Now, if you're doing a very small application like that ChatGPT chats with itself or my ChatGPT Bookmarklet (there is a functionless preview of it on the bottom, if you want to see what I'm talking about), you can come pretty far with it. The rest of this blog post contains some details about me trying that - you can skip this if you aren't interested in that. I currently tend to overdo it and do everything with ChatGPT where I suspect it could work. That sometimes takes more time than if I did it myself as I have to fiddle with the prompts and steps to do it, but I can see what works and what not and develop methods to do what I want, so it's often much quicker next time than if I did it by hand. And you get a library of prompts to use, combine, modify, which makes it much easier. Again and again my impression is that the limit here is your imagination.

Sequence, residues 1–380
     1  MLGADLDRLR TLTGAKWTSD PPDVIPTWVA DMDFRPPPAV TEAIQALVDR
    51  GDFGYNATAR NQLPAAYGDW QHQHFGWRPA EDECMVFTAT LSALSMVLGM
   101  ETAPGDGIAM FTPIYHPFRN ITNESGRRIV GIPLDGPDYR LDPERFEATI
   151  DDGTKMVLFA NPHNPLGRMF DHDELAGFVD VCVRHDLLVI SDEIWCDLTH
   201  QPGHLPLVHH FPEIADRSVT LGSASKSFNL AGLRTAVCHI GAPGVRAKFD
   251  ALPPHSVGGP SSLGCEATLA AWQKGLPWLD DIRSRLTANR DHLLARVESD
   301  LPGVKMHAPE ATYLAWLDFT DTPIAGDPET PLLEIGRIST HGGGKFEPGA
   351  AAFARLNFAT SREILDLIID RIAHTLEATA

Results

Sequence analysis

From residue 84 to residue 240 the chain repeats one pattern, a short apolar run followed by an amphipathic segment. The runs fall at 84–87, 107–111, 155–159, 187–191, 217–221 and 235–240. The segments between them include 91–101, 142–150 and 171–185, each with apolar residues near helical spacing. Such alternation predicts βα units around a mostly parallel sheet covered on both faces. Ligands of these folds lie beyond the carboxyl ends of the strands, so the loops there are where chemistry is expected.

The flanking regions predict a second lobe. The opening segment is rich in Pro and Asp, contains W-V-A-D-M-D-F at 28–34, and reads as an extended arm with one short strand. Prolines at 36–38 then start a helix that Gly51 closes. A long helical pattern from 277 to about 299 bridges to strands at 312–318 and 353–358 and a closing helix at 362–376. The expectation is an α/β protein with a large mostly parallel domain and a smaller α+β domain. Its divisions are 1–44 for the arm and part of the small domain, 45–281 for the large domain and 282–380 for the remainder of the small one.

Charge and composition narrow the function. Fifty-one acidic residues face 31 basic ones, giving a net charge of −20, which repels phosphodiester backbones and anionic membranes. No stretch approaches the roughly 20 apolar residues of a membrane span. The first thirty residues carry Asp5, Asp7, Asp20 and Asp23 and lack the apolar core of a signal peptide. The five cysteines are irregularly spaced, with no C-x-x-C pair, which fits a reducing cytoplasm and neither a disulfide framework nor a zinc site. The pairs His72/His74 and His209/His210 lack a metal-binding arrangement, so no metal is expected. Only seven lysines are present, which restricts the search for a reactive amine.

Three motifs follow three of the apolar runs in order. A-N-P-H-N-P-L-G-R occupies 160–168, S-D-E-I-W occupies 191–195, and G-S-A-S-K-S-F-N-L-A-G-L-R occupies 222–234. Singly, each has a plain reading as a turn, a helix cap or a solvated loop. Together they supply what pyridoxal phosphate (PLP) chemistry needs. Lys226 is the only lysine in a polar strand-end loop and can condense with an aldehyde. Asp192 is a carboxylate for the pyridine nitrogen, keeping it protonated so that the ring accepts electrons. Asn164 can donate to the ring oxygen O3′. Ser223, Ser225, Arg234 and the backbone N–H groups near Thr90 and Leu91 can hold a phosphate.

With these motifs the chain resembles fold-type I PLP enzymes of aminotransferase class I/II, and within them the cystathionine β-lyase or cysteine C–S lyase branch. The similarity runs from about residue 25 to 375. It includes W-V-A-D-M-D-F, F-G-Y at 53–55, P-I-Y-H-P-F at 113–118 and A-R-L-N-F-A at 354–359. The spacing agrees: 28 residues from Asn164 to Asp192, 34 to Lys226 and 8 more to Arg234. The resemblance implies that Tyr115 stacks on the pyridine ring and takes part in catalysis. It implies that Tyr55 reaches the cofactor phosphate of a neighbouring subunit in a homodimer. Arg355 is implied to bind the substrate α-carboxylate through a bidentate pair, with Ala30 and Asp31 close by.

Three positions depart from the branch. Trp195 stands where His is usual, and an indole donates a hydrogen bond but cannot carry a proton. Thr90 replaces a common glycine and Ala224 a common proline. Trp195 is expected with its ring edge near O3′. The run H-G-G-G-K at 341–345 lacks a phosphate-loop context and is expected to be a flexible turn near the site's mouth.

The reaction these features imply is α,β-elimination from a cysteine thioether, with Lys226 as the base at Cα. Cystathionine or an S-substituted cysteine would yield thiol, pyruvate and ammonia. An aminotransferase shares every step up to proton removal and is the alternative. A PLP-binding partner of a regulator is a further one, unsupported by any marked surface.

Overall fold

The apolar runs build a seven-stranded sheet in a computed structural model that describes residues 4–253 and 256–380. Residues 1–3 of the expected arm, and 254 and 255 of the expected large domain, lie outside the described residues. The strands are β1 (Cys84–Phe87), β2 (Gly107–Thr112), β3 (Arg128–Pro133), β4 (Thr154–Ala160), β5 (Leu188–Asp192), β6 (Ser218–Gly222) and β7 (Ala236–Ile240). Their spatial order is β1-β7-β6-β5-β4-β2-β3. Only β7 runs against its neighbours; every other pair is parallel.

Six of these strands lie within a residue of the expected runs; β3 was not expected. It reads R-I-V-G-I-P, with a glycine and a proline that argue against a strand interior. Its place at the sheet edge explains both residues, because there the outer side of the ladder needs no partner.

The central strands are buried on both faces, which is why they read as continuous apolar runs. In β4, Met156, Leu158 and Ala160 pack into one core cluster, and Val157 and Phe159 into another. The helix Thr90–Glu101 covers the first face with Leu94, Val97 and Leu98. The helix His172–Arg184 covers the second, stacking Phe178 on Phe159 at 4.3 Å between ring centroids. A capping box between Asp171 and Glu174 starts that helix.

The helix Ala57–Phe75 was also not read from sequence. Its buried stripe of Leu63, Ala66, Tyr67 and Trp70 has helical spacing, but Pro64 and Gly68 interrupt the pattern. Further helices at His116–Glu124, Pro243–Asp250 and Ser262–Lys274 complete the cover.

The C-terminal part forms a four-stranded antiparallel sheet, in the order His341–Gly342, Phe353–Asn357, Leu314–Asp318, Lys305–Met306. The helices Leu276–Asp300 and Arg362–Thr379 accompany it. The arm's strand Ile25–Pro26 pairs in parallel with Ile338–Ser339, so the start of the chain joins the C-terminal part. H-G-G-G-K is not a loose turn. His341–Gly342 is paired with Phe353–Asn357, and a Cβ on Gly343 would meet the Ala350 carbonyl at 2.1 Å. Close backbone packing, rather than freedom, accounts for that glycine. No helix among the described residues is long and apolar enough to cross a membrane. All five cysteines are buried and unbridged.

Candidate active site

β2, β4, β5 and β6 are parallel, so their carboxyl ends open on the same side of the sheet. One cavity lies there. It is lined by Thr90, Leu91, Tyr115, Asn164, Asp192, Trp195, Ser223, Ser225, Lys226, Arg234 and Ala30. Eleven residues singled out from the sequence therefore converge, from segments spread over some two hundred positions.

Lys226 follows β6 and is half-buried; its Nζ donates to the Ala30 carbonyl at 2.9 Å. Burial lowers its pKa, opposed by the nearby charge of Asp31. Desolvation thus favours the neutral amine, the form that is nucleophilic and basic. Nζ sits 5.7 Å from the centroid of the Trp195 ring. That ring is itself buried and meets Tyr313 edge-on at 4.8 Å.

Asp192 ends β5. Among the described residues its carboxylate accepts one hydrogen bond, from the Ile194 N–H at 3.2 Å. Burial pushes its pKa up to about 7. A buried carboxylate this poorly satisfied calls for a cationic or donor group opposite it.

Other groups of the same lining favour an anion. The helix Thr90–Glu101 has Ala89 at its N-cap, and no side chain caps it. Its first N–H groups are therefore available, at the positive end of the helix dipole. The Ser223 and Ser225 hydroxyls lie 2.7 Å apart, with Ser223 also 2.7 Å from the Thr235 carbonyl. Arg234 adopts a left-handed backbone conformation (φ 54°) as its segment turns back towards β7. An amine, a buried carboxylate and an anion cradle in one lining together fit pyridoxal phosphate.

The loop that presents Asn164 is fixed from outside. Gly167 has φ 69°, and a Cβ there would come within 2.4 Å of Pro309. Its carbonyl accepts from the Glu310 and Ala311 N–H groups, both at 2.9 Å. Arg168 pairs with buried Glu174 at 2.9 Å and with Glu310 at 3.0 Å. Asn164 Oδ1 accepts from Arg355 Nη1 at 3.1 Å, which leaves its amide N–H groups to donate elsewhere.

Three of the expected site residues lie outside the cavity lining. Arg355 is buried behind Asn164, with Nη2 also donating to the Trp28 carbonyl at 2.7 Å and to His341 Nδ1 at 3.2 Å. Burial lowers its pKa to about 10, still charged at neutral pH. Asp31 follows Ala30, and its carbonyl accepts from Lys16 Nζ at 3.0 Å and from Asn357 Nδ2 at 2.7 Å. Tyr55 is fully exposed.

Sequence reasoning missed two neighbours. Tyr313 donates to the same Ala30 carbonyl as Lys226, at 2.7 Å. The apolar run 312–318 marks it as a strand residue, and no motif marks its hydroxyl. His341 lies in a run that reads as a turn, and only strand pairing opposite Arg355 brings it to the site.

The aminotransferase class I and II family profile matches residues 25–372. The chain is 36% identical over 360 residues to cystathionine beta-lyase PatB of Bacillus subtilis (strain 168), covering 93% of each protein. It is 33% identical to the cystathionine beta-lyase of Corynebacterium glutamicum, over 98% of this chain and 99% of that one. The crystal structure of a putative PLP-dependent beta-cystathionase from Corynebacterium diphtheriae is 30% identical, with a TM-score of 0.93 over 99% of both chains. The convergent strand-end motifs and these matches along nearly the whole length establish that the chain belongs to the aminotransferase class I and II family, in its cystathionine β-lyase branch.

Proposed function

I first had GPT-4 create a first a very raw version of the HTML that just got the alignments of the basic elements right, and contained some sample outputs. (I removed all Javascript for the styling process to make it smaller). What was nice is that ChatGPT could rewrite the HTML for me into something that was much more "bootstrappy" with a prompt like this:

Make a nice colorful but professionally looking styling for the following HTML using bootstrap. You can change the HTML structure as needed - you can insert additional div wrappers or remove them, change element types, add or change CSS classes, but leave the IDs as they are and the CSS classes msg and chat1 and chat2 - they will be needed for the functionality. The buttons in the div.buttonrow should be normally on one line if space permits. That applies also to the inputs in the div.buttonrow - they should be small and in one line to save space.

As a first step, please output only the changed HTML body, not the head or the styling, since we will otherwise hit your space constraints. Please insert the appropriate bootstrap constructs and containers etc. - I'd like the headline optically better, some kind of frame around the whole application and around the sysmsg1 fields and around the sysmsg2 fields.